Buying Guide BMW E89 Z4 sDrive30i


The E89 generation of Z4 hit the UK in May 2009 and featured the 23i, 30i and 35i, with the latter machine being turbocharged. The 23i was by no means a bad car, it’s simply a case that the 30i was better thanks to having an additional 54hp and 44lb ft of torque. Interestingly, both the 23i and 30i were quoted as having identical economy and emissions figures at 33.2mpg and 199g/km.

With the first gen Z4 BMW E85 / E86 had made what it thought was an out-and-out sports car but due to feedback from its customers it made the decision to create a less-sporting machine with the second gen, seeing the Audi TT and the Mercedes SLK as its natural rivals rather than attempting to gun for the Boxster’s crown a second time. If anything demonstrated this approach it was the adoption of a folding metal hard-top which added weight and complexity as well as making the car considerably more refined and a better prospect over the cold winter months. Its party piece was that the roof could be raised or lowered in a scant 20 seconds.

The 30i was well equipped, too, with two-zone auto air-con, xenon headlights and leather upholstery although as heated seats weren’t standard we’d recommend finding one with this option – it makes all the difference during top-down motoring on colder days. Very little changed during the 30i’s lifespan – an M Sport was available with more aggressive styling (and a £3100 price premium) – and there was a Highline Edition of the M Sport available in 2011 which included 19-inch wheels, Bluetooth, Professional Nav and a USB interface. The arrival of BMW’s four-cylinder turbocharged engines saw the model’s demise when it was replaced with the sDrive28i in the latter part of 2011.

Why should you buy one?

Quite simply because it’s a great car! No, it doesn’t offer Porsche Boxster levels of driver involvement but that doesn’t mean it drives like a soggy blancmange either – it’s a fine Roadster that will provide plenty of thrills yet with its folding hard-top is also a very refined coupé when the weather’s inclement.

We’ve flagged up the 30i here as being one to look out for as this was the very last naturally aspirated Roadster that the company produced and as well as offering plenty of thrills it’s now a relatively affordable machine. With the silky 258hp N52 ‘six under the bonnet it provides vivid acceleration yet doesn’t have so much power that it overwhelms the chassis.

What goes wrong?

The Z4 is proving to be pretty reliable, especially in 30i guise. One of the biggest bug bears seems to be rattles from the roof when in the raised position but often this can be sorted with lots of lubricant, pieces of felt and some patience. Go for a road-test in any potential purchase and keep your ears open.

The engine is generally good although there have been some cases of wear within the camshaft housings on higher mileage versions. The hydraulic valve adjuster problem that affected earlier versions of the N52 don’t affect the Z4. However, as the N52 in the 30i is a direct injection unit any repairs needed here could be expensive – injectors, NOx sensors and fuel pressure sensors have been known to fail, although it’s not a very common problem. The body should be in perfect condition – any dodgy panel gaps and mismatched paint will be telltale signs of one that’s been in an accident – walk away as there are plenty more to choose from. Rear light clusters are known to let in water and 19-inch rims can be susceptible to cracking.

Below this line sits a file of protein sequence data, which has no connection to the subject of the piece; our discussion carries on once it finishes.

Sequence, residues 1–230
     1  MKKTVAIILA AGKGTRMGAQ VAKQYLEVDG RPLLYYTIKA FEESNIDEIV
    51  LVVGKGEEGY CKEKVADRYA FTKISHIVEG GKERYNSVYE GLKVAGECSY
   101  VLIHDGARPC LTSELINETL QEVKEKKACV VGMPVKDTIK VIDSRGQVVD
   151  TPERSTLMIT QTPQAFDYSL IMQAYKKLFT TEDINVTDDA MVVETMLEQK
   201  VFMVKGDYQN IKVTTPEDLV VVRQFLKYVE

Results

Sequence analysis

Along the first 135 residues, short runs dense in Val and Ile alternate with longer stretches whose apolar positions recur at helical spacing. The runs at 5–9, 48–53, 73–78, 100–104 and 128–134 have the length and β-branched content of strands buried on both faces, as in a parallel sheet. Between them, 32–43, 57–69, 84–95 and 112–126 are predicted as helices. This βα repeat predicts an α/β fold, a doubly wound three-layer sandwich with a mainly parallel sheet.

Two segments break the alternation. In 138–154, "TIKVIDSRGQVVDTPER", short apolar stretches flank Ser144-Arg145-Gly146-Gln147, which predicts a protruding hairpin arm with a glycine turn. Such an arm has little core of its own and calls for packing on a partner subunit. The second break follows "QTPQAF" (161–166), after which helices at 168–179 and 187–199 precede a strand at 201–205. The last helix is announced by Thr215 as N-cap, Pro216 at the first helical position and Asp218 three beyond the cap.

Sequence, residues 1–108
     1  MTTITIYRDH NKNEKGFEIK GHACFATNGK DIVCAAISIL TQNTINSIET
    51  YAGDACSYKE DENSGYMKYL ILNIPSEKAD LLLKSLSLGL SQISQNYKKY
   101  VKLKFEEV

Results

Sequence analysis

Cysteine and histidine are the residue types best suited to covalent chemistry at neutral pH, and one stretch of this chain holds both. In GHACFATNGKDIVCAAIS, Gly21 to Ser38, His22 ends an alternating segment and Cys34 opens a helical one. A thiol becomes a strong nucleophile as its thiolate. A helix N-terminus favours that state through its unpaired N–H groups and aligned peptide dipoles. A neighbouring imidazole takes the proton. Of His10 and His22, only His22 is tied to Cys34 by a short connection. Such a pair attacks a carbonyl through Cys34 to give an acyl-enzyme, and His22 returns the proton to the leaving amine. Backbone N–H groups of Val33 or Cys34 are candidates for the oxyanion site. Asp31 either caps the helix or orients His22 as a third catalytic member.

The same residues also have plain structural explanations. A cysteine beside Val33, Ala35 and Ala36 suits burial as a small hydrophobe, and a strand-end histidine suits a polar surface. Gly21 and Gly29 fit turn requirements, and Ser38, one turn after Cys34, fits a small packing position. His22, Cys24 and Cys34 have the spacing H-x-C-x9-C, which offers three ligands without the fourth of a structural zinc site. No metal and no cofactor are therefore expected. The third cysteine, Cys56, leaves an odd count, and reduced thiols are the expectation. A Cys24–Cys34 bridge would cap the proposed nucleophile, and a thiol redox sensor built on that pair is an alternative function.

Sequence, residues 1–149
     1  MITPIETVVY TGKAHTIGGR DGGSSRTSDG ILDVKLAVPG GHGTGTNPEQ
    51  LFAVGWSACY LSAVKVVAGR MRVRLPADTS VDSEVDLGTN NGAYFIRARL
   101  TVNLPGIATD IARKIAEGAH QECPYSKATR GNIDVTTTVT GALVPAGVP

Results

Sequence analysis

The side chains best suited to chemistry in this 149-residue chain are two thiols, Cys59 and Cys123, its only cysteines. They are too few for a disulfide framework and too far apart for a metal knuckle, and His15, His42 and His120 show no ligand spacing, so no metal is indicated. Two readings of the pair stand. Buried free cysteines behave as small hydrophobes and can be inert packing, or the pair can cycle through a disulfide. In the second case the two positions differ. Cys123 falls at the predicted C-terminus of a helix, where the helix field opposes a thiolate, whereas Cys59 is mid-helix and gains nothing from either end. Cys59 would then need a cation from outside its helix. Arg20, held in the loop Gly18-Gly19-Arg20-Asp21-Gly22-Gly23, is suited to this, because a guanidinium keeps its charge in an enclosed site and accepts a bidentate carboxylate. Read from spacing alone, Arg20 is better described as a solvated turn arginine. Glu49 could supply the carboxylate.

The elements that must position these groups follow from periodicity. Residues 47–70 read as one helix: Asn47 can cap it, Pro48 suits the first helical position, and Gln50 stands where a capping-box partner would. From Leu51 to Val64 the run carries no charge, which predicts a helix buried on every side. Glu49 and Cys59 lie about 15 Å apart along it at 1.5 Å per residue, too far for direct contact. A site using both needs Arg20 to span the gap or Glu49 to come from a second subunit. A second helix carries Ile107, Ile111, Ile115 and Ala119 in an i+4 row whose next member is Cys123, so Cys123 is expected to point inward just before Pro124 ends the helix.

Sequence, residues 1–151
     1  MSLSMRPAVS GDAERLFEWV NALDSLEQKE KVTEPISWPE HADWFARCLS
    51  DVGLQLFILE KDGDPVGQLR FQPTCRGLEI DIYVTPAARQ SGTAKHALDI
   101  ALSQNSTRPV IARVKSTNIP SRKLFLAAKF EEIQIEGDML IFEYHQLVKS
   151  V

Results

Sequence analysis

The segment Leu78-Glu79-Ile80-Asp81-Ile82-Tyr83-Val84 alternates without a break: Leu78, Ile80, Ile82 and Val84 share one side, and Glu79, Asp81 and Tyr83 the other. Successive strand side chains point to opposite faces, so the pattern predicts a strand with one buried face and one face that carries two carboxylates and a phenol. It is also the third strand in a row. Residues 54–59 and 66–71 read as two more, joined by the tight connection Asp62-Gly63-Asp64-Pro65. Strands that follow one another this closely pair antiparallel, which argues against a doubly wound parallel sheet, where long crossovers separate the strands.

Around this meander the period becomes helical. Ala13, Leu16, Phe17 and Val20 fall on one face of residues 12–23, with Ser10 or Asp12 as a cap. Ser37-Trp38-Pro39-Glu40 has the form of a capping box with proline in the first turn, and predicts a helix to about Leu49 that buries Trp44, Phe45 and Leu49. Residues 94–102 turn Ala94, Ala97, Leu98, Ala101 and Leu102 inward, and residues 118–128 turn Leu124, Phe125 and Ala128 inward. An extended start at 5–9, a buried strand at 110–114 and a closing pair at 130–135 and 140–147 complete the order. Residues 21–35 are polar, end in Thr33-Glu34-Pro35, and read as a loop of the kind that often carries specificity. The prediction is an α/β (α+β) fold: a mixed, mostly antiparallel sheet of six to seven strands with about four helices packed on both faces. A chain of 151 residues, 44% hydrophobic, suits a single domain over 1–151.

Running costs

The good news here is that the Z4 30i really shouldn’t break the bank to run. Road tax isn’t the cheapest at £265 a year (both manual and automatic) but this shouldn’t really be a deal breaker. Servicing can be done via BMW’s menu pricing system and typical costs should be around £136 for an oil service, £190 for an oil service with microfilter and £332 should the plugs need doing at the same time. A Vehicle Check is £59 and front or rear pads will set you back around £200 each end.

Your other major expense will be tyres – many owners will have ditched the run-flats – and how much they cost will depend on whether you have the 17-, 18- or 19-inch rims fitted. Typical run-flat costs would be around £360 for a set of 17s, £440 for a set of 18s and a slightly heftier £800 for a set of 19s.

How much to pay?

Prices for the 30i start at about £13k and rise to just over the £20k mark. The highest priced machines are The Highline editions, some of which evidently hung around at dealerships when they were new, as they weren’t registered until the second part of 2012! Standard-spec 30is start at around £15k from BMW main dealers and you’ll need the best part of £17k for an M Sport. While machinery is available slightly cheaper out of the dealer network we’d reckon on spending just a little more and getting the peace of mind that comes with a car with an Approved Used Warranty. Also, the market for Roadsters drops off significantly in the winter so drive a hard bargain – get some money off the sticker price or aim to get a second year’s warranty thrown for free.


Overall the 30i is a very pleasing prospect, and if you’re a fan of normally aspirated Roadsters this is the last of the breed! It has plenty of performance – 0-62mph in less than six seconds is plenty fast enough – and while it might not be desperately tacksharp in the handling department it’s still a tidy machine to drive rapidly across country, especially with that sonorous straightsix singing in your ears.


ENGINE: Straight-six, 24-valve, petrol

CAPACITY: 2996cc

MAX POWER: 258hp @ 6600rpm

MAX TORQUE: 229lb ft @ 2600rpm

TOP SPEED: 155mph (155)

0-62MPH: 5.8 seconds (6.1)

ECONOMY: 33.2mpg (34.0)

EMISSIONS: 199g/km (195)

PRICE (OTR): £33,620 (£35,425)

Figures in brackets for automatic version

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